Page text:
Clinical activity and safety of cevostamab in relapsed/refractory multiple myeloma

Updates on Cevostamab in Relapsed/Refractory Myeloma From ASH 2020

In this video:

Dr. Adam Cohen talks about the initial clinical activity and safety of cevostamab, a FcRH5/CD3 T-Cell-engaging bispecific antibody, in relapsed/refractory multiple myeloma.

What is the purpose of this study?

FcRH5 is a new target in multiple myeloma, but it is almost universally expressed in myeloma patients making it an attractive target for new therapies.


The early findings show proof of principle although noting that it is too soon to say how it will fit into treatment options.

ASH 2020:Abstract 292


So just some breeze background FcRH5 is a cell surface receptor that's expressed exclusively within the b-cell lineage. the expression increases on terminally differentiated plasma cells. It's not expressed in any other cell type in the body, and this makes it an attractive target for myeloma therapy.

FcRH5 is expressed almost universally on myeloma cells. Although, like BCMA, the intensity of expression can vary from patient to patient. Cevostamab is an FcRH5/CD3 bispecific antibody. It binds to a membrane-proximal domain of FcRH5. This had significant preclinical activity against myeloma cells, both in vitro and vivo. That led to this initial first-in-human phase one study.

What I'll be presenting are the patients that have been enrolled so far in the single step-up dose escalation. The including criteria are shown here. These are heavily refractory patients for which no established therapy was available or appropriate, and no prior exposure to CAR T cells other bi-specifics, and ADCs were allowed.

Three-week infusions - and this was given as an IV infusion for up to 17 cycles of disease progression or toxicity. The step-up dosing was used to try to mitigate the risk of a severe CRS.

Patients got a low dose of day one and then, if tolerated well, starting on day eight they got the target dose and then got every three-week infusion starting cycle two, thereafter.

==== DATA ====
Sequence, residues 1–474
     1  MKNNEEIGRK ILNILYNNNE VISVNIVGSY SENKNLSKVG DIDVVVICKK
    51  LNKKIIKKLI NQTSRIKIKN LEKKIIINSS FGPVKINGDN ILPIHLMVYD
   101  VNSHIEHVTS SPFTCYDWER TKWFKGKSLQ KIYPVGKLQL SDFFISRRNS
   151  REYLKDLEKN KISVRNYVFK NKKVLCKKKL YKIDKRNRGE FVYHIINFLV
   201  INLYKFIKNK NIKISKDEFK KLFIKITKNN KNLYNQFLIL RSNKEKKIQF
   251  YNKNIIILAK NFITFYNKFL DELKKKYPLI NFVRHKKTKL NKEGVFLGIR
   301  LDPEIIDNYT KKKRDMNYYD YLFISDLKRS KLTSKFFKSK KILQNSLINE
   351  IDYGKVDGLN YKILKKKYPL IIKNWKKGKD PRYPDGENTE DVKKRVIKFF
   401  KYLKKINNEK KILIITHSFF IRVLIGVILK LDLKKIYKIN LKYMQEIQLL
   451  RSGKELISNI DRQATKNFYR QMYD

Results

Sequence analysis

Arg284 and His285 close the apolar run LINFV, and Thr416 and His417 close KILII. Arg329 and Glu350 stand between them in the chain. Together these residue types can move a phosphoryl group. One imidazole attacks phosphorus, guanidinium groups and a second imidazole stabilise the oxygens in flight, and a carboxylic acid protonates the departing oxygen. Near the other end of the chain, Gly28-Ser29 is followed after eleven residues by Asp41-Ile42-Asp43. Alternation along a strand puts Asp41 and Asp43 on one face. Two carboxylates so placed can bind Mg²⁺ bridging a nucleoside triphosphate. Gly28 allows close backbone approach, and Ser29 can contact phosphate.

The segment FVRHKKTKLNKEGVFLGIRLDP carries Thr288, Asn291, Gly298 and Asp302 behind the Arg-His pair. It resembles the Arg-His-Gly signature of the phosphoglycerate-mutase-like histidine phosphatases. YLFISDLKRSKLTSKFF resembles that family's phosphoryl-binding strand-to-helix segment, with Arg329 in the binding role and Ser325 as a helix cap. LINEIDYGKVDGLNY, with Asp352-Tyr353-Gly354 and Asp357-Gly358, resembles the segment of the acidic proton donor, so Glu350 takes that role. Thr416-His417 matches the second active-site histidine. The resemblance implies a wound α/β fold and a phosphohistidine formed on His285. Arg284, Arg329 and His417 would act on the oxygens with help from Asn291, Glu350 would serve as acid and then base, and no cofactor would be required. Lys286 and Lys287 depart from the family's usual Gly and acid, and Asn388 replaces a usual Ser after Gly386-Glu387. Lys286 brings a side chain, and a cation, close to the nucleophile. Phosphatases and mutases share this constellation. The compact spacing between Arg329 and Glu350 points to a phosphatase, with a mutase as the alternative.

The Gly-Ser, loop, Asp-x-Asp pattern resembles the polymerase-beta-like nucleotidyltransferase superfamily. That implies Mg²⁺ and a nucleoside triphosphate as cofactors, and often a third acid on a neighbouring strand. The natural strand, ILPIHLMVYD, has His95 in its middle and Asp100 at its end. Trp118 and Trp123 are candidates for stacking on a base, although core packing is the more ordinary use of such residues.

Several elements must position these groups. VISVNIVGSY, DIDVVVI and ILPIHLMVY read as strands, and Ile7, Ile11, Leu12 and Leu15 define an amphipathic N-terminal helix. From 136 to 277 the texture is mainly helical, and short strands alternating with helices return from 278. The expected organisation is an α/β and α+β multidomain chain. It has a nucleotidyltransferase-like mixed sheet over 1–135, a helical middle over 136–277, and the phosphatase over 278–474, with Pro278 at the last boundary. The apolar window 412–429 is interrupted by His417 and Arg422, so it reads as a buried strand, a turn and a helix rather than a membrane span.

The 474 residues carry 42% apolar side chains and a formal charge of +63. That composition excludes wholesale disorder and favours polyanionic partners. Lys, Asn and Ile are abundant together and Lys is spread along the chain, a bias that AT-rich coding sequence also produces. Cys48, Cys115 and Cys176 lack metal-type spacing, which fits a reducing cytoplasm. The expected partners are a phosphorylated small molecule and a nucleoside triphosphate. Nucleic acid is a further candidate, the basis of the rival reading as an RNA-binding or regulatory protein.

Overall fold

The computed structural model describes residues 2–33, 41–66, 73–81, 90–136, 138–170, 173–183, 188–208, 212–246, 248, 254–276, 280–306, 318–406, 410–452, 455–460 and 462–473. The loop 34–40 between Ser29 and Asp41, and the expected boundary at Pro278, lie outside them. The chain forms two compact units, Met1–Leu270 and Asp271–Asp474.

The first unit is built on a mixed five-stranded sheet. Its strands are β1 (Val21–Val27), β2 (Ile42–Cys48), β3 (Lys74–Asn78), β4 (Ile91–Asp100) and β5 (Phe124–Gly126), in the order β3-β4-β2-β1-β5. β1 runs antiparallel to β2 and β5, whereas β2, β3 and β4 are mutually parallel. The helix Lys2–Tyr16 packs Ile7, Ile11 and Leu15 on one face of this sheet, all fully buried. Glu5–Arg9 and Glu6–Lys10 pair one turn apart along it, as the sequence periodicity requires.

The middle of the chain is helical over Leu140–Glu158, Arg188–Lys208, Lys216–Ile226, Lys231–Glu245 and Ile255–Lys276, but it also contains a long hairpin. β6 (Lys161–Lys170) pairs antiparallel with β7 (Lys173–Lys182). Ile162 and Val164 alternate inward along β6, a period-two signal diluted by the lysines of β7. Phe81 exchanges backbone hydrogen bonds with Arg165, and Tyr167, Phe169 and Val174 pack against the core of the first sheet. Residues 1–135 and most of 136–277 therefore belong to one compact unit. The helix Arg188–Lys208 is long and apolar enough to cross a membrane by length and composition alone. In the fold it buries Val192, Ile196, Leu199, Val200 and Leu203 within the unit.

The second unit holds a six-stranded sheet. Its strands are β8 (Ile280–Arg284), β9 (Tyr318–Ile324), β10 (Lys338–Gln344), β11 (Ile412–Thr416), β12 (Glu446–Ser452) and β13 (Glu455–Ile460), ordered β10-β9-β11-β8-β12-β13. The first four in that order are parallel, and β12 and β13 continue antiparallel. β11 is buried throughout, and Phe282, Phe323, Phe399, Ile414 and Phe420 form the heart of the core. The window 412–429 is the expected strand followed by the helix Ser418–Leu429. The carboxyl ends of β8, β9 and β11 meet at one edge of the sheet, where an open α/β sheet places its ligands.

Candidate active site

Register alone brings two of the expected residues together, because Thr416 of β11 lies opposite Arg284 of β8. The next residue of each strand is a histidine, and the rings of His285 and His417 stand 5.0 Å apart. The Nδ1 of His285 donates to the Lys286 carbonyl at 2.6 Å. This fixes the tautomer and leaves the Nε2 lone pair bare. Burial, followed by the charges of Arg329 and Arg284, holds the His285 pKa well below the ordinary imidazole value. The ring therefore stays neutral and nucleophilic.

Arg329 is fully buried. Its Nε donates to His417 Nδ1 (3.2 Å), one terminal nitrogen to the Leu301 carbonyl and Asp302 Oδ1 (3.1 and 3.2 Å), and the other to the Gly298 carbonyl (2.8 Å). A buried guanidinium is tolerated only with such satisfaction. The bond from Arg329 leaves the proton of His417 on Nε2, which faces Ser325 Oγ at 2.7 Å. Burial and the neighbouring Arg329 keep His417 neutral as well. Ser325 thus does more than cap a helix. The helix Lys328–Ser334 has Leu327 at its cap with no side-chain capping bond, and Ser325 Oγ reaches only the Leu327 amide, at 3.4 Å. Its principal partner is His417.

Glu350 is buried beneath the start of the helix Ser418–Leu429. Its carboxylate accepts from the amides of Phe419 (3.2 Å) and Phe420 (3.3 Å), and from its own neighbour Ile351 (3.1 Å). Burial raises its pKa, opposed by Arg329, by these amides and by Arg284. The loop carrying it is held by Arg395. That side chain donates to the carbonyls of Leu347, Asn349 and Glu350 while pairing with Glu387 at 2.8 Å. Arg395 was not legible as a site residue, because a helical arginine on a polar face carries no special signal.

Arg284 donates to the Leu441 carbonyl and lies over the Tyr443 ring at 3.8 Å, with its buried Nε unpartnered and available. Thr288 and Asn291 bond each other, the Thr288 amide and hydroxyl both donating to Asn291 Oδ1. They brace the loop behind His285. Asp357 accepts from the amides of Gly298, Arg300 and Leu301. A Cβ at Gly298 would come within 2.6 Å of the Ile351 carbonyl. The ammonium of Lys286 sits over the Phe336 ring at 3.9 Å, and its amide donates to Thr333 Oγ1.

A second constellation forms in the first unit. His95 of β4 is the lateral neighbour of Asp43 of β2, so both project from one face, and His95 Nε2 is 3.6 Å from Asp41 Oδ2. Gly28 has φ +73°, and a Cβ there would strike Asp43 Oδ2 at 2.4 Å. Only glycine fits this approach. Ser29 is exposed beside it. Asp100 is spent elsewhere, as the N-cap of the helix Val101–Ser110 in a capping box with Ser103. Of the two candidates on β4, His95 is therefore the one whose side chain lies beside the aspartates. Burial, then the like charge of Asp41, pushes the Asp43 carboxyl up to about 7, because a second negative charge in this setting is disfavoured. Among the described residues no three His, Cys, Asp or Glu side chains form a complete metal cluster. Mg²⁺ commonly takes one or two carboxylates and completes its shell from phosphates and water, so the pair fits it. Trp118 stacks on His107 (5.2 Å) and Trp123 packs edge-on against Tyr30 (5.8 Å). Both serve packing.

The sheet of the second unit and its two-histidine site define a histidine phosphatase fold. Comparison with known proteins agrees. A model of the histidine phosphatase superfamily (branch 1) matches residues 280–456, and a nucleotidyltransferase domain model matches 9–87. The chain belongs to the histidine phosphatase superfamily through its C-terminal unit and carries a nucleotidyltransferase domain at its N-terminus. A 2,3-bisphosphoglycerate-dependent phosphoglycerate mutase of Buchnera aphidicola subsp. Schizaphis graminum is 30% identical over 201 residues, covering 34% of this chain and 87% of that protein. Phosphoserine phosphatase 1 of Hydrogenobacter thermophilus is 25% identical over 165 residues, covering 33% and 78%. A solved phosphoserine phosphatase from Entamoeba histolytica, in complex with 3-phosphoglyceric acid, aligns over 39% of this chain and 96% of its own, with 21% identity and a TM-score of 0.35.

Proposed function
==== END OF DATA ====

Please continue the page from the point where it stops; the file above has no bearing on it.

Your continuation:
They were hospitalized for up to 72 hours for the first two infusions to monitor for CRS and other toxicities and then could get outpatient dosing afterward. They were pre-medicated with Tylenol, Benadryl, and dexamethasone. The primary objective of this part of the study is safety and tolerability in the recommended phase II dose.

On the right, you can see the study schema. You can see the step-up dosing initially started very low at 0.05 and went up to 3.6, and then this cycle, one-day/one-dose was fixed at 3.6 with subsequent further escalation from 20 milligrams up to 160 milligrams. Dose escalation is still ongoing, and a recommended phase II dose has not yet been identified.

To keep it brief, I only give a few slides. I'll tell you about the patient population. There were 53 patients treated to date. At the time of data cut off the median, prior lines were six. It was 72-percent we’re triple-class refractory, 45-percent penta-refractory, 21 had a prior BCMA therapy, and 88-percent had at least one high-risk cytogenetic abnormality, although that included a gain of 1q getting to toxicity, just focusing on the main toxicities - which were primarily cytokine release syndrome and neurotoxin.